The mammalian dorsal root ganglia (DRG) are located on the dorsal roots of the spinal nerves and contain cell bodies of primary sensory neurons. DRG cells have been classified into subpopulations based on their size, morphology, intracellular markers, response to stimuli, and neuropeptides. To understand the connections between DRG chemical heterogeneity and cellular function, we performed optically guided, high-throughput single cell profiling using sequential matrix-assisted laser desorption/ionization mass spectrometry (MS) to detect lipids, peptides, and several proteins in individual DRG cells. Statistical analysis of the resulting mass spectra allows stratification of the DRG population according to cellular morphology and, presumably, major cell types. A subpopulation of small cells contained myelin proteins, which are abundant in Schwann cells, and mass spectra of several larger cells contained peaks matching neurofilament, vimentin, myelin basic protein S, and thymosin beta proteins. Of the over 1000 cells analyzed, approximately 78 % produced putative peptide-rich spectra, allowing the population to be classified into three distinct cell types. Two signals with m/z 4404 and 5487 were exclusively observed in a cell type, but could not be matched to results of our previous liquid chromatography-MS analyses.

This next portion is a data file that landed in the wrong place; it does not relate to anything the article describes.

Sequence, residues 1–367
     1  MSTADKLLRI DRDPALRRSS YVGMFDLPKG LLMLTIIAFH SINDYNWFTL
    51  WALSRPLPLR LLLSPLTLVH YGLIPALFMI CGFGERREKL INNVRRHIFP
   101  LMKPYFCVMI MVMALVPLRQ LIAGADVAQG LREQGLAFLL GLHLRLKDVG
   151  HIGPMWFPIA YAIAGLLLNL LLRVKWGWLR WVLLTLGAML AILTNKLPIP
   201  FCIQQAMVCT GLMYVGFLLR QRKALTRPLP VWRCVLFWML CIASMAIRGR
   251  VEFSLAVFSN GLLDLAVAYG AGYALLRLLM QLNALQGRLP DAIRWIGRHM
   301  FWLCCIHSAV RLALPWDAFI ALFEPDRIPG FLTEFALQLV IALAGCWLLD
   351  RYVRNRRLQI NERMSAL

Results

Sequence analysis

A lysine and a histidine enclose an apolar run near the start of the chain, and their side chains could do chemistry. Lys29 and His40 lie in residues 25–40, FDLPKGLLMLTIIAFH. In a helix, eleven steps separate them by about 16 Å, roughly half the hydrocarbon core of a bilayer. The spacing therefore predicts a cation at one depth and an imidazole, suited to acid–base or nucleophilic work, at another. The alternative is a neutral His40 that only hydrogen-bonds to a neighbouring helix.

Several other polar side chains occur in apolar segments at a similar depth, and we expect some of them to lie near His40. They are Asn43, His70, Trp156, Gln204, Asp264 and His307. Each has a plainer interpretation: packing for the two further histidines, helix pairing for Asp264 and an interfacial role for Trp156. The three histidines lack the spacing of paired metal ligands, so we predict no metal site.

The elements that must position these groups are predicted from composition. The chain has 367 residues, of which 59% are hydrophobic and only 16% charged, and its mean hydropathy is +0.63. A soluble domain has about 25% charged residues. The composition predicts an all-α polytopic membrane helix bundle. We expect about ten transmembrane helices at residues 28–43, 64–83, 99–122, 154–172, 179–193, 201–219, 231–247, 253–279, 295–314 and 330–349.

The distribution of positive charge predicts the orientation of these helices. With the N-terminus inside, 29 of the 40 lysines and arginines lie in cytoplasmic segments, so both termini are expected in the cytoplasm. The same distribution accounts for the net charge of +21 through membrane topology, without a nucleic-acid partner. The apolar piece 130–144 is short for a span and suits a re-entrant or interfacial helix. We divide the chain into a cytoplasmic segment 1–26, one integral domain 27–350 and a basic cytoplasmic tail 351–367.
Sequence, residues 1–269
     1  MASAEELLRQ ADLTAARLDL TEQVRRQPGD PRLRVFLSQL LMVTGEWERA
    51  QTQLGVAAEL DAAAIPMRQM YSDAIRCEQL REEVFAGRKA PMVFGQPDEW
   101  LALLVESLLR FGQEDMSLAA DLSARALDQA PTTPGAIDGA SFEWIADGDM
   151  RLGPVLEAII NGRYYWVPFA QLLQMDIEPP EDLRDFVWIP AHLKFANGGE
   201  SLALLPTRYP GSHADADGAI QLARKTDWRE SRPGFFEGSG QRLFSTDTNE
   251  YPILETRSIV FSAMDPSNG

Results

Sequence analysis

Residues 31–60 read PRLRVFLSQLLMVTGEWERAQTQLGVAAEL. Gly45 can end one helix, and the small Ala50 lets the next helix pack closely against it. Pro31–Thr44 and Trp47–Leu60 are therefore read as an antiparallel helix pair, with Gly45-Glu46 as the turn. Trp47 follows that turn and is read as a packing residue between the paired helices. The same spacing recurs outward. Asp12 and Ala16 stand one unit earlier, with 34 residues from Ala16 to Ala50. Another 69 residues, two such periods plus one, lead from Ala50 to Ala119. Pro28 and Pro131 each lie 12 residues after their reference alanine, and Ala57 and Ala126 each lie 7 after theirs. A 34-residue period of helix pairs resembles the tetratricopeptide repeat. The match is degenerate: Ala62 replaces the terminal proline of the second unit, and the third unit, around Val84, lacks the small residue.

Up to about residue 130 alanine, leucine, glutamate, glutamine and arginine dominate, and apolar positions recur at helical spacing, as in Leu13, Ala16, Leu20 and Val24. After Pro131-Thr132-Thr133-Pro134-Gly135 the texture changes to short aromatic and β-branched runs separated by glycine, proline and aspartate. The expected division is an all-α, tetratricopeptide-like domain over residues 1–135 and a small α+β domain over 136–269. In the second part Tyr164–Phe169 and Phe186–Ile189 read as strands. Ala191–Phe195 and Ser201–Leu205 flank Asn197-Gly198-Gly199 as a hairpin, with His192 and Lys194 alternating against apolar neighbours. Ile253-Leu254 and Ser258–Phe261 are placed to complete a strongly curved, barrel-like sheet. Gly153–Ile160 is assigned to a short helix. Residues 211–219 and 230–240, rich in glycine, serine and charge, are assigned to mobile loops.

- dorsal root ganglia
- mass spectrometry
- single cell analysis
ASJC Scopus subject areas
- Atomic and Molecular Physics, and Optics
- Physical and Theoretical Chemistry